For a successful crop it is important to get the compost right, and that means a good structure with adequate nutrition.  

I re-use old potting compost such as spent grow bags or compost that has grown tomatoes or cucumbers in ring culture in the previous season. Only reuse this compost if there has been no signs of blight the previous year to stop any cross contamination. For potatoes in pots I use 60 litres of old compost and to this I add 30 litres of well-rotted garden compost produced from shredded hedge pruning’s mixed with grass clippings and rotted down for at least a year

The remains of the woody elements of the hedge pruning’s gives good aeration in the mix. 

pot with shredding

Nutrition is supplied in the form of Elixir General Purpose Base Fertiliser 5-7.5-10 at 1 gram per litre of compost and a proprietary controlled release fertiliser 12-7-19 (similar to this Elixir Fertiliser) at a rate of 2 grams per litre of compost. 

The base fertiliser provides the initial nutrition required to get the crop off to a good start, Phosphate is particularly important for early potatoes, whilst the controlled release acts as a buffer to ensure the crop never runs out of nutrients which can sometimes happen when growth is extremely fast.  

Fish, blood and bone is also an excellent organic fertiliser to provide this buffer.  If required I will also liquid feed but the addition of garden compost which has been ‘worked over’ by worms will hopefully provide some mineral Nitrogen and trace elements  that will be available to the crop.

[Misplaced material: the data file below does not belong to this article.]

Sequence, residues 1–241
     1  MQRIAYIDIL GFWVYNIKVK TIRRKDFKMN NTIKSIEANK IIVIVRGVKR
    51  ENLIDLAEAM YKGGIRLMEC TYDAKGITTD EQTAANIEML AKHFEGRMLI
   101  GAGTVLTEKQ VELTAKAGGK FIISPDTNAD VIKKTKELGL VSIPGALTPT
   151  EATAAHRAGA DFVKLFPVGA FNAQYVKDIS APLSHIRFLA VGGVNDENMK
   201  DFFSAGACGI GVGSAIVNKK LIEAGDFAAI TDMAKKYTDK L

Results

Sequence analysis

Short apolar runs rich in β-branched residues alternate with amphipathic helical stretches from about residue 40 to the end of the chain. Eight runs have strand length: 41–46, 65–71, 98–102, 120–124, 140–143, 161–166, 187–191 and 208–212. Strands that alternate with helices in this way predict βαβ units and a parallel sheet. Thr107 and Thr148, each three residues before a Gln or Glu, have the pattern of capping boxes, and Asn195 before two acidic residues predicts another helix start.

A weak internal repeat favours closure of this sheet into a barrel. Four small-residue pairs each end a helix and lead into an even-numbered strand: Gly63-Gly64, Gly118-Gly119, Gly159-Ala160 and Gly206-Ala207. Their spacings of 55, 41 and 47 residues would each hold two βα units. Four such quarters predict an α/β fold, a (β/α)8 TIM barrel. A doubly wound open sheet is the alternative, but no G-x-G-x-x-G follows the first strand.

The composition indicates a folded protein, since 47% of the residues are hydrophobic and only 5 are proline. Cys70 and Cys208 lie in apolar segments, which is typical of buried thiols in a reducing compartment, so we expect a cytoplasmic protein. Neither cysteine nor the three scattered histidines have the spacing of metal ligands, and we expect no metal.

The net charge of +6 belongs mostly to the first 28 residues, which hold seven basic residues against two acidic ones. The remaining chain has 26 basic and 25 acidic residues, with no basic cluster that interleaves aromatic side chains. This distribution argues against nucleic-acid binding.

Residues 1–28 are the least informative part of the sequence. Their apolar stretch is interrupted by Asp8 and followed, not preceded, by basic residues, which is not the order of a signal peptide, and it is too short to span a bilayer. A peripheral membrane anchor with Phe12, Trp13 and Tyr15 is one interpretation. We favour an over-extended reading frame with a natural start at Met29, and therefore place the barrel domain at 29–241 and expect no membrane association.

pot soil with fert

Once the compost and added nutrients have been thoroughly mixed together,  a 75mm  layer is placed into the bottom of the pot and two potatoes planted  in line with the handles, a further 75-100 mm of compost is  added   and another two potatoes planted at right angles to the first. 

The pot is then topped up with the compost mix to about 25 mm  of the top of the pot-  there is no need to add compost as the potatoes grow, they are perfectly capable  of growing  up through the full depth of compost added at planting!  The final job is add the loop label tied to the handle.

Once planted pots can be left outdoors as the compost should provide insulation from frost  certainly from the midlands south  but additional protection may be needed further North in March. 

To get the potatoes growing quickly however, placing them in a poly tunnel or unheated growing frame is ideal and with this type of protection they should be ready to harvest late June – early July. 

finished pots

I’m based in Shropshire, and I’ve been a keen gardener since childhood. Throughout my career I have raised plants commercially, landscaped gardens, taught horticulture, built the odd show garden and managed public parks where I helped popularise the use of wildflowers. My passion has always remained with growing fruit and vegetables in my own garden and looking after my rare breed chickens.

Chris